How do artists transform scientific observation to reveal the realities of water crises in the face of denial, dismissal, and inaction?
In their sculptural artworks on the impacts of water insecurities, both Vibha Galhotra (India) and Tali Weinberg (USA) reach beyond documentation to create artworks that layer emotion, cultural heritage, and activism. From revealing the Yamuna River’s tangible toxicity using ghungroo bells in Vibha Galhotra’s Flow sculptures to reinscribing scientific data on drought, illness, and temperature changes in Tali Weinberg’s Woven Climate Datascapes, these artists employ beauty, shape, and color to prompt viewers to examine the gaps between their perceptions of water crises and their entangled realities. In this conversation, the two artists discuss their investigative creative processes and share artworks that subvert viewers’ expectations and transform visible realities into emotional understanding.
Born in 1978 in North of India, Vibha Galhotra (New Delhi, India) is a Delhi-based multi-disciplinary artist whose visual, performative, and participatory art projects address rapid industrialization and suggest possibilities for reimagining societal and cultural structures. She is trained as a printmaker, earning her BFA in Graphics from the Government College of Arts, Chandigarh, India (1999) and her MFA in Graphics at Kala Bhavan, Visva Bharati, Santiniketan, India (2001). While she has been engaged in land-based and environmental art for decades, her engagement with the Yamuna river began with an invitation from Khoj (International Artists’ Association) to participate in an initiative to clean up the river. Her large-scale sculptures address the shifting topography of the world under the impact of globalization. Galhotra sees herself as being part of the restructuring of culture, society and geography, both of New Delhi, where she lives, and of the world at large. She uses her work to redefine her own existence in contemporary society, both philosophically and structurally. Offering an alternative to the conventional approach to studying the environment, Galhotra seeks to expand the discourse to include topics pertaining to tradition, history, economics and political intervention. Galhotra’s recent solo exhibitions include: “Beyond the Blue” at Jack Shainman Gallery, New York (2020); “Climacteric” at Punjab Lalit Kala Akademi, Chandigarh, India (2019); “Insanity in the Age of Reason” in New Delhi (2017); and “Absur –City –Pity –Dity” at Jack Shainman Gallery, New York (2015). She has Participated in many national and international group shows, including “Water Line” at the Metropolitan State University of Denver, “The Darkened Mirror: Global Perspectives On Water” at San Jose Museum of Art, “Unfiltered: An Exhibition About Water” at the William Benton Museum of Art (Connecticut, USA), and “Kailash Cartographies” at the Sheila C. Johnson Design Center (Parsons School of Design/The New School, New York), among others.At present, Galhotra is a fellow of the Jerusalem International Fellowship program 2020-21. She was awarded the Asia Arts Future Award in 2019. Galhotra was the 2017 Asian Cultural Council Fellow in the United States, earned a Rockefeller Grant (2016), and received a Young Women Achievers Award given by Young FICCI Ladies Organisation (YFLO) (2015).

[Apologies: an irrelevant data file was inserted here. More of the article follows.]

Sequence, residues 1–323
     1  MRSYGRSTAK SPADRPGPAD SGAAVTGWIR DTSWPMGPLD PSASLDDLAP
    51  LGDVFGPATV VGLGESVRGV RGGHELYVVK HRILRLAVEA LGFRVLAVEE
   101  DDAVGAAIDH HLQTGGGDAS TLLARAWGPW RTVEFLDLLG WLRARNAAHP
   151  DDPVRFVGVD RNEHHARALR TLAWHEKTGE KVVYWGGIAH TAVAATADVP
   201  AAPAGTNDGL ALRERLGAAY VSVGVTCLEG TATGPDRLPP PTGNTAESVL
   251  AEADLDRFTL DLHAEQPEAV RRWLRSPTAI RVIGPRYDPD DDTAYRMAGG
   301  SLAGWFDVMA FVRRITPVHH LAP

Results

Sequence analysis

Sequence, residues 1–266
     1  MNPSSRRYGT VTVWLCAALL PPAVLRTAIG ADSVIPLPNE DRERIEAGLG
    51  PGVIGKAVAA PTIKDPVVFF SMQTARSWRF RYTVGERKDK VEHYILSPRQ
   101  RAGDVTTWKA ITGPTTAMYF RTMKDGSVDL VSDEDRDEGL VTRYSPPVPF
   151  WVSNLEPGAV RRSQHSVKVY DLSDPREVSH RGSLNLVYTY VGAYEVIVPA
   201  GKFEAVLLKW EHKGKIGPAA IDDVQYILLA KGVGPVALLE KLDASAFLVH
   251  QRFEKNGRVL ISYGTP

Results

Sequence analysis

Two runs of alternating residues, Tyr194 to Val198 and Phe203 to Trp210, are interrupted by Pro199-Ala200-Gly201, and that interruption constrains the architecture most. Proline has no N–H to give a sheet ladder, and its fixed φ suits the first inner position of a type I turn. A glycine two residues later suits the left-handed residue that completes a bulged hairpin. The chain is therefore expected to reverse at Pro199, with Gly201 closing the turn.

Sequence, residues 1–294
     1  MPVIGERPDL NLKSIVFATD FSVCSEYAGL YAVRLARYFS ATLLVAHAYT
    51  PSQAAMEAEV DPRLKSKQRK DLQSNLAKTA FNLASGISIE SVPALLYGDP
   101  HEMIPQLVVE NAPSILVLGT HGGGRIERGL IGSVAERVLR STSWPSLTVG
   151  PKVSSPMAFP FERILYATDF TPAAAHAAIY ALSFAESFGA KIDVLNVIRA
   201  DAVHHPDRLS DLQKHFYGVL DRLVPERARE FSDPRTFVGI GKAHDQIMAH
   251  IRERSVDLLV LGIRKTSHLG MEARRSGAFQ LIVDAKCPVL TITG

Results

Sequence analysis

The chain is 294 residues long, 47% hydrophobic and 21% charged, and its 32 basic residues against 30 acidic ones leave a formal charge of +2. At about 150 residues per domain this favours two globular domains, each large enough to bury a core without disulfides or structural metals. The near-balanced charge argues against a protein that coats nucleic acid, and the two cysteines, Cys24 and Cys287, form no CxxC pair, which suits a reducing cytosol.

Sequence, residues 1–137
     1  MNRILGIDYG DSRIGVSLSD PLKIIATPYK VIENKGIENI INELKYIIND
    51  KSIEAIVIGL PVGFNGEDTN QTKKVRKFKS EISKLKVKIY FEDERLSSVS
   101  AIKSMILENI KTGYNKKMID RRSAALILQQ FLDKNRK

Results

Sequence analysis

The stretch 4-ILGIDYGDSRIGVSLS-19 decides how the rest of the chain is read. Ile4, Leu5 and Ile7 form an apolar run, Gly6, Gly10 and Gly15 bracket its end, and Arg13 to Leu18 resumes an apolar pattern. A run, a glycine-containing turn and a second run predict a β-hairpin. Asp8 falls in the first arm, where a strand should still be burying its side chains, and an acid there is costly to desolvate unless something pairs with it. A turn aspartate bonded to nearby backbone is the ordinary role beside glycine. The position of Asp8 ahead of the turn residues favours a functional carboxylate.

Tali Weinberg (USA) draws on a history of weaving as a subversive language for women and marginalized groups to create a feminist, material archive in response to the worsening climate crisis. Through sculpture, drawing, and textiles, she traces relationships among climate change, water, extractive industry, illness, and displacement; between personal and communal loss; and between corporeal and ecological bodies. Weinberg’s work is held in public and private collections and is exhibited internationally.
Recent exhibitions include the University of Colorado Art Museum, 21C Museum, Berkeley Art Museum, 108 Contemporary, and the Center for Craft. Her work has been written about in the New York Times, Surface Design Journal, the Tulsa Voice and literary Journal Ecotone. Select honors include: Tulsa Artist Fellowship, Serenbe Fellowship, SciArt Bridge, Windgate Fellowship to Vermont Studio Center, Lia Cook Jacquard Residency, and Sculpture Space, among others. Weinberg has taught at California College of the Arts, University of Tulsa, Penland School of Craft, and lectures and gives workshops throughout the US. She is currently a 2021 virtual artist-in-residence at the Museum of Art and Design.
Press Your Ear to the Wind is an event series curated by Elinor New (BA '20) and presented by the Gallatin Galleries and WetLab, with support from the NYU Gallatin Dean’s Award for Graduating Seniors. Borrowing its title from Deborah Jack’s artwork “Foremothers,” this series is an invitation to listen to the wisdom held in the land, water, and our own bodies, and to trace the currents of resilience that flow from our inherited pasts into the futures we generate.
To learn more about the series, please visit: https://wp.nyu.edu/gallatingalleries/press-your-ear-to-the-wind/
Photo Credit: Artwork by Deborah Jack, “what is the value of water if it quenches our thirst for…” Graphic Design: Lau Guzmán